Labour promises to ban indefinite detention of immigrants

The Labour Party has vowed to bring in time limits and ban the indefinite detention of asylum seekers and immigrants in detention centres, if they come into power after the 7 May 2015 General Election. The move will bring the UK into line with other Western nations.

Yvette Cooper, the shadow home secretary, described the detention system as inefficient and "deeply scarring" for detainees. There have been increasing delays in visa applications being considered leading to more people in detention centres; in 2010 1,757 were detained for three to six months, that number rose to 2,385 last year.

Under current law, an asylum seeker or immigrant waiting to have a visa application considered can be held indefinitely in a detention centre. Recently the home office select committee discovered that two people had been held for more than four years.

Many believe that the current system isn't working. There are increasing delays in dealing with immigration applications. It is also expensive to keep so many people in detention. An all-party parliamentary inquiry has suggested 28 days become the new maximum. Labour have promised to recruit 1,000 additional immigration and border enforcement staff to meet the new time limits, enforce removals where necessary, and speed up the decision making process for considering visa applications.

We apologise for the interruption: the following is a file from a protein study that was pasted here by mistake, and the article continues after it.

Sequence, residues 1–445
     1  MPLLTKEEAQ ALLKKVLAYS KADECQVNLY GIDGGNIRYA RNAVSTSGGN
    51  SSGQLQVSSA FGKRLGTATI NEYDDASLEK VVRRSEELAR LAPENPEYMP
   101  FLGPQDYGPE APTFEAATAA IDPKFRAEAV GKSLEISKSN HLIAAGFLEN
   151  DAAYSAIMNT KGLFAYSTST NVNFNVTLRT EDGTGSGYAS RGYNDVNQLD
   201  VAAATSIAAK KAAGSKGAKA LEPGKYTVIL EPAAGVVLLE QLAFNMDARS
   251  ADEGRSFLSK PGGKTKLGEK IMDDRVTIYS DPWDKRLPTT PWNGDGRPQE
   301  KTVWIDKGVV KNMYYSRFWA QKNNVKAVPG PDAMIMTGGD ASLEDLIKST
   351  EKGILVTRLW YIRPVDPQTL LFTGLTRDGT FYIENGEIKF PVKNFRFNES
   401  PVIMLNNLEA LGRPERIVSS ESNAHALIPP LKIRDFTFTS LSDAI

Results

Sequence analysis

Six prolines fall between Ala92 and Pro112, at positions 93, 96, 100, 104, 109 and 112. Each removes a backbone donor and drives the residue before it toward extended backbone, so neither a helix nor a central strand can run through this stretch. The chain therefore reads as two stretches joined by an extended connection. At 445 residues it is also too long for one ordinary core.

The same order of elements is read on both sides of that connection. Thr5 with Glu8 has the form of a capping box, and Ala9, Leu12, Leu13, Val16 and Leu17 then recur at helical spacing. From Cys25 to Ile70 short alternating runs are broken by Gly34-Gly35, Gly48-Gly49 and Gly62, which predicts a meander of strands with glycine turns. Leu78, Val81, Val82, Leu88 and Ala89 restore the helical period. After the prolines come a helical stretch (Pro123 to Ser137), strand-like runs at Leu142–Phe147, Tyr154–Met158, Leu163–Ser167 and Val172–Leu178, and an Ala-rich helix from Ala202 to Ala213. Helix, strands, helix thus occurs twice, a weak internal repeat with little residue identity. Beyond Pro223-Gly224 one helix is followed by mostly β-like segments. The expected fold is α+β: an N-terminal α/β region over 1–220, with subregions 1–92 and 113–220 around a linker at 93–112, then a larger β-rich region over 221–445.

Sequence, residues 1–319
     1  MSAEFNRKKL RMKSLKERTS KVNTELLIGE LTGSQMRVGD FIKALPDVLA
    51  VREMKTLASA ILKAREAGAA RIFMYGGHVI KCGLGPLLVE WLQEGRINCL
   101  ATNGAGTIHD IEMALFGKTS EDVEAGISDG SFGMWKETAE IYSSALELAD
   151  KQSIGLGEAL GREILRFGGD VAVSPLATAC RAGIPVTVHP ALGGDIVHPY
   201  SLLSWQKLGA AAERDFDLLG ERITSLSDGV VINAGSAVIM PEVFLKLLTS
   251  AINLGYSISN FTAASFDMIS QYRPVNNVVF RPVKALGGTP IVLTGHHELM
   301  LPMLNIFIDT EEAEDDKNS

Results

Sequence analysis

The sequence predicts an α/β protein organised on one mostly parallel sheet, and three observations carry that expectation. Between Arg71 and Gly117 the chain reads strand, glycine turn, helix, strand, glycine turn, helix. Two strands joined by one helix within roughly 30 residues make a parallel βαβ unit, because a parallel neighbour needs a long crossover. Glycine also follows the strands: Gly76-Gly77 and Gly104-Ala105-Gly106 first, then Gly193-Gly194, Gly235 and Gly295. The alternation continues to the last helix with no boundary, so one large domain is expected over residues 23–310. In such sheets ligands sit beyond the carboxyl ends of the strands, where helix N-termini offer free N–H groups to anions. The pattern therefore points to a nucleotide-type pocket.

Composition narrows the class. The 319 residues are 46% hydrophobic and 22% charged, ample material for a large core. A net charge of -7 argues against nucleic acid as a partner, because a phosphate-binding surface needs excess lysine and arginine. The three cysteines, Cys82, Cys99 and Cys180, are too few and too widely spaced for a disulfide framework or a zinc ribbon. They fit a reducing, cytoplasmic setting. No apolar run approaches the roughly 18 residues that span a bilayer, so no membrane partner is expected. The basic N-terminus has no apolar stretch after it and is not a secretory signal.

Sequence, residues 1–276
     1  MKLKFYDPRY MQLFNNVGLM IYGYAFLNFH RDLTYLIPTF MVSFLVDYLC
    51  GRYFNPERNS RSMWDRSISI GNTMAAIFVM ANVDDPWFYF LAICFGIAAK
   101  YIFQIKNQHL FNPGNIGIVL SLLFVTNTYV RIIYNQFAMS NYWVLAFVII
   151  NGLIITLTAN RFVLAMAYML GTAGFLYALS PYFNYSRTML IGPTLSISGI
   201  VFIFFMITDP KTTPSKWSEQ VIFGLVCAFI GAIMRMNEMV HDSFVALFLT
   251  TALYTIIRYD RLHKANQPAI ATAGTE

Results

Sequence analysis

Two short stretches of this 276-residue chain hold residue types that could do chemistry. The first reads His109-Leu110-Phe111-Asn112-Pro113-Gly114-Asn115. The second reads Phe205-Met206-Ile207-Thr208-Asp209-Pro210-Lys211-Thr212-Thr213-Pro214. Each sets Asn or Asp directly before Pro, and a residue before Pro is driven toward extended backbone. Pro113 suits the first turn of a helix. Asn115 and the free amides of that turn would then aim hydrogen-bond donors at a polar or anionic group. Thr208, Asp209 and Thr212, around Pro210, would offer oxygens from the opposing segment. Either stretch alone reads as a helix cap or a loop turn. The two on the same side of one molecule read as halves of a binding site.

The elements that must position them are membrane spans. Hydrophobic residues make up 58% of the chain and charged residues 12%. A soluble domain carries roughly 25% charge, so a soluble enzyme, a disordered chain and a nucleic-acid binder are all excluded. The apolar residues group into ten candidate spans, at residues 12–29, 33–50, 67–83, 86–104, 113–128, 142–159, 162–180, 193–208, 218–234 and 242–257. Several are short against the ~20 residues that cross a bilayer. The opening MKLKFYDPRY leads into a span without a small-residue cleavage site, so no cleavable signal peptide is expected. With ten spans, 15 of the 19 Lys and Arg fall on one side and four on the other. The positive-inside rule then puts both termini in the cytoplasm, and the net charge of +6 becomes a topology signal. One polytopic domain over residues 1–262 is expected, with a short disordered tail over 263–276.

Cooper said the following in Birmingham on Thursday "Indefinite detention of people who have committed no crime – and without even any independent review – is wrong… And it is extremely expensive for taxpayers. No other western nation does it. We don't need to either."

Detention centre Yarl's Wood came under scrutiny last year when allegations by female detainees of sexual assault came to light. Many of those detained in detention centres are asylum seekers, some of whom are victims of violent and sexual assault in their home countries. Labour have already pledged to ban the detention of pregnant women and victims of sexual assault.

Cooper calls the move to introduce time limits for detention "humane", and has the support of Citizens UK campaign leader Zrinka Bralo. Speaking to the Guardian, Bralo said, "Indefinite detention is a stain on the character of Britain. Detaining people indefinitely in prison-like conditions without judicial oversight is unfair, unjust, ineffective and inhumane."

Labour have stressed that those that have been deported for criminal convictions, or those awaiting trial for criminal offences, will not come under the same time limits as others.